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From Loss to Gain: Lessons From Acts 9

acts 9

I’ve been drawn again to the story in Acts 9 where we read about Paul’s conversion, or rather what I like to call Paul’s convergence—his past and present and future meeting with God’s great past, present, and future.

You and I have been swept up in the legacy of what happened on that great Convergence Day.

I’ll just remind us of the story by sharing Acts 9:1,3-6.

Meanwhile, Saul was still breathing out murderous threats against the Lord’s disciples…As he neared Damascus on his journey, suddenly a light from heaven flashed around him. He fell to the ground and heard a voice say to him, “Saul, Saul, why do you persecute me?”

“Who are you, Lord?” Saul asked.

“I am Jesus, whom you are persecuting,” he replied. “Now get up and go into the city, and you will be told what you must do.”

In Acts 9 we catch Paul as a spiritual leader mid-mission, mid-purpose, mid-stride, mid-leader-in-motion, mid-making-things-happen, mid-getting-things-done—and he’s blinded and knocked off of his horse into the dust.

This is the story of a leader bewildered, unseated, of a leader seemingly downed from a horse when in actuality he’s being lifted into wholeness and fullness and love. He is experiencing, quite literally, an awakening.

Paul is a leader, like us, who believes he is doing what God has given him to do. And in the middle of it, he is arrested, stopped, halted, shocked, taken off-guard, pulled off the field, blinded.

And the experience will become the most seminal moment in his life and leadership—his greatest loss will become his greatest gain.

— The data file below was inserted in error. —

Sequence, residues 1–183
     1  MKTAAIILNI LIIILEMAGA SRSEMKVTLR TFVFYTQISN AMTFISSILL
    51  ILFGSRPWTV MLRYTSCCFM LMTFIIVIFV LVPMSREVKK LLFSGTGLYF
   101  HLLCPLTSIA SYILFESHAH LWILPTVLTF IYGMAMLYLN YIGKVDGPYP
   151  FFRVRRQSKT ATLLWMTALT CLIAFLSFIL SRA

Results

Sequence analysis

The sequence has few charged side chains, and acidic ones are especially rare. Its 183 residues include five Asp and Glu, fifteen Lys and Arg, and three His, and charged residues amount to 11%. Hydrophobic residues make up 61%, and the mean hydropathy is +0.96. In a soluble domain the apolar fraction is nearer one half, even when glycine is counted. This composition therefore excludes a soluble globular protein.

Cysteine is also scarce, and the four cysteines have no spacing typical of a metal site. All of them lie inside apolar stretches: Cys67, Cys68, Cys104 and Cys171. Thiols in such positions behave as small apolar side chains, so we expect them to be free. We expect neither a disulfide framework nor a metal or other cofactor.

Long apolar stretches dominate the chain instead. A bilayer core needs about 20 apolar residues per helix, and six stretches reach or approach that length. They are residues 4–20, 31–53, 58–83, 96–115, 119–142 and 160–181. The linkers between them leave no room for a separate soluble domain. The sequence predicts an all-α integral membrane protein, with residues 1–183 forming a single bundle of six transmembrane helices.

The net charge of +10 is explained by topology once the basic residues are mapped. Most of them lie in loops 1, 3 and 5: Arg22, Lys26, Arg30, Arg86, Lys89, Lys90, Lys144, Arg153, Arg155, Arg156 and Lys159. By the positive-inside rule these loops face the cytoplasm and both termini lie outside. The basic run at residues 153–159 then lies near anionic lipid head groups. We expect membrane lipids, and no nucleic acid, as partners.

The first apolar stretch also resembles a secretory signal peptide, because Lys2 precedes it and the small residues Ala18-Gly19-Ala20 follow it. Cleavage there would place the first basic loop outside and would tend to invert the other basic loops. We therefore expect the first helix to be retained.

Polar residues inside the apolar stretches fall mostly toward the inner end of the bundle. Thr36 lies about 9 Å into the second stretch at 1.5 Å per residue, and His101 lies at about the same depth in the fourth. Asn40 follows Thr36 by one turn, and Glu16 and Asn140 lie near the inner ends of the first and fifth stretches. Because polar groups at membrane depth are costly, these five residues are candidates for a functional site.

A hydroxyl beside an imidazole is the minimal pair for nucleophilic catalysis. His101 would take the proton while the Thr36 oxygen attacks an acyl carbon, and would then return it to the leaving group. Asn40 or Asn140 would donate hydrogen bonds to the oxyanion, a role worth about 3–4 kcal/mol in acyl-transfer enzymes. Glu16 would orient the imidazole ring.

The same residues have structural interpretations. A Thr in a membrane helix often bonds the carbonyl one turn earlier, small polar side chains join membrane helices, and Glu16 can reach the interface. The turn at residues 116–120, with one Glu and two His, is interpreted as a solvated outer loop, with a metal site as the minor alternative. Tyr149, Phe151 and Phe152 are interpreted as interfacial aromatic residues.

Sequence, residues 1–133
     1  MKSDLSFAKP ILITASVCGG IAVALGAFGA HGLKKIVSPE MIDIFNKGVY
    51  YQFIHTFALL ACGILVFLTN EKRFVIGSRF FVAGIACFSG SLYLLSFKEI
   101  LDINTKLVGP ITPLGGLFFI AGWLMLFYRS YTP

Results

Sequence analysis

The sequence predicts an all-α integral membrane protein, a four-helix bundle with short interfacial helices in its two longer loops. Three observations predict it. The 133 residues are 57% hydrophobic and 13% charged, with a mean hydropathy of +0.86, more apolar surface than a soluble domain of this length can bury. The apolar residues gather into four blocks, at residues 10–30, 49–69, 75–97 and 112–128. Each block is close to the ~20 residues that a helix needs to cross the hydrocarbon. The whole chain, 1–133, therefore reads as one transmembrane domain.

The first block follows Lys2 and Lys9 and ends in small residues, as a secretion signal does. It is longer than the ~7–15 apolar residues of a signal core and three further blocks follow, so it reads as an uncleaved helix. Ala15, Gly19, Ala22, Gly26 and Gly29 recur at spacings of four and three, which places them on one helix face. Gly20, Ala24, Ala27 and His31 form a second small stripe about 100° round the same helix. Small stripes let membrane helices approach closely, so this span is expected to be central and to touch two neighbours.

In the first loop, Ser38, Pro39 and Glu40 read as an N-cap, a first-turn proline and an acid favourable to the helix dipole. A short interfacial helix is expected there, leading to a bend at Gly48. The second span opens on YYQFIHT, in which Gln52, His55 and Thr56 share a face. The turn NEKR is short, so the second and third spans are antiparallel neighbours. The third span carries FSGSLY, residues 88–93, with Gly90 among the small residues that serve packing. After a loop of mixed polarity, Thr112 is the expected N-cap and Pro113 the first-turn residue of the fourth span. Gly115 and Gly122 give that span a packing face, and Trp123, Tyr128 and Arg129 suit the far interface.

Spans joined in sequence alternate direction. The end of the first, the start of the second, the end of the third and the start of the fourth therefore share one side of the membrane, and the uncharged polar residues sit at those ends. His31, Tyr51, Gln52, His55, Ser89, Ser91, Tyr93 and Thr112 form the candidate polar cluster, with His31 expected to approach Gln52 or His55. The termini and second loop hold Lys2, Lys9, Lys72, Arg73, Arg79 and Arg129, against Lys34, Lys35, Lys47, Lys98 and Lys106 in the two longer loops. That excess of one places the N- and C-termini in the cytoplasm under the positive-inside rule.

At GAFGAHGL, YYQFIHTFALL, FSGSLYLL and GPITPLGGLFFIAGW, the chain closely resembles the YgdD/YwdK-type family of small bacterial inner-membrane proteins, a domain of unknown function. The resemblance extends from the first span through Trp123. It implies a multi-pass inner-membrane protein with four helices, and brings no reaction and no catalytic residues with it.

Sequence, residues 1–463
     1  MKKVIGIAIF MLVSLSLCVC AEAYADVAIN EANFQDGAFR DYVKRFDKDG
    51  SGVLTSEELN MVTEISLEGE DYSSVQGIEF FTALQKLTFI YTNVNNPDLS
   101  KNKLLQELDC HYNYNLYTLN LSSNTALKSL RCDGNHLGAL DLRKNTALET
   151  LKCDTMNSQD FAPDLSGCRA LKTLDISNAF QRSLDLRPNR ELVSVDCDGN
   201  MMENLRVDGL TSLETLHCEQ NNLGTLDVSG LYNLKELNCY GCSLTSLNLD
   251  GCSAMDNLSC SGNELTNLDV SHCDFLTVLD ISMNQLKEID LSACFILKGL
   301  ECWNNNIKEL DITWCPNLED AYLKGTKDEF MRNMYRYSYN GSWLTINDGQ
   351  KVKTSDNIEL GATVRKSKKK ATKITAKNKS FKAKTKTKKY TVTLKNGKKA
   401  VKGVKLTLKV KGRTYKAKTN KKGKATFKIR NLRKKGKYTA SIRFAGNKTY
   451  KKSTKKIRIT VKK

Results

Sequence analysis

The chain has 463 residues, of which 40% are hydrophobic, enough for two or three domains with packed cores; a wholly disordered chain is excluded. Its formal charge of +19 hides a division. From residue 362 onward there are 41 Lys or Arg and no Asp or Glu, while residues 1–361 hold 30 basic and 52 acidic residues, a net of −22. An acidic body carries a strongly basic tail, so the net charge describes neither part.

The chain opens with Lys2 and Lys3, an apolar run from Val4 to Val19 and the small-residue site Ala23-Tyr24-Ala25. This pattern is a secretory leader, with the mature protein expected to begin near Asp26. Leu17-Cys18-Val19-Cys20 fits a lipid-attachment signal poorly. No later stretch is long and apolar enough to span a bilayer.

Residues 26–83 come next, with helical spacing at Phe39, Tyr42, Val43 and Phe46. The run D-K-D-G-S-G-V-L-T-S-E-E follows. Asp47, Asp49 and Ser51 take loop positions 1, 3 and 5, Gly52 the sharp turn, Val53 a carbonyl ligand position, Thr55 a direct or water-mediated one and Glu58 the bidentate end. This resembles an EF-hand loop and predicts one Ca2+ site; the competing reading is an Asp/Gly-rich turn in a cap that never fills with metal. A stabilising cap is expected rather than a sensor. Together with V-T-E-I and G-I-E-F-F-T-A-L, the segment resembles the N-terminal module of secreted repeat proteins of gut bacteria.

There are three simple principles in this story I think we can lay ahold of as followers of Jesus and as leaders, if we’ll have ears to hear.

1. Sometimes We Have To Lose Our Sight To Gain a Vision

Paul trusted in his capacities and his skills, but sometimes we’re blinded by our circumstances, our pain, our unpredictable situations, and we simply cannot see, we can’t trust what we trusted in before.

In those moments, we are given the opportunity to gain a fresh vision of God. We lose our sight, we gain a vision of God we would never have chosen on our own, and we learn to walk by faith in that vision and not by our own senses, capacities, or experience.

We have to lose our sight to gain a vision.

2. Sometimes We Have to Lose Our Time to Gain Eternity

After Paul’s encounter and some initial ministry, according to Galatians 1, he disappears from the scene for 3 years to learn from the Holy Spirit.

Sometimes we’re locked into our own time frames, for all the right reasons, and we quietly demand God follow them. Sometimes we’re in a rush, or more accurately, the rush is in us, and then we’re delayed, slowed, resisted. We fight and rail against it.

In those moments, God puts a different timepiece in our spirits. We begin to measure in long-time, in trust-time, in wait-time, in hope-time, in believe-time, in life-time.

We have to lose our time to gain eternity.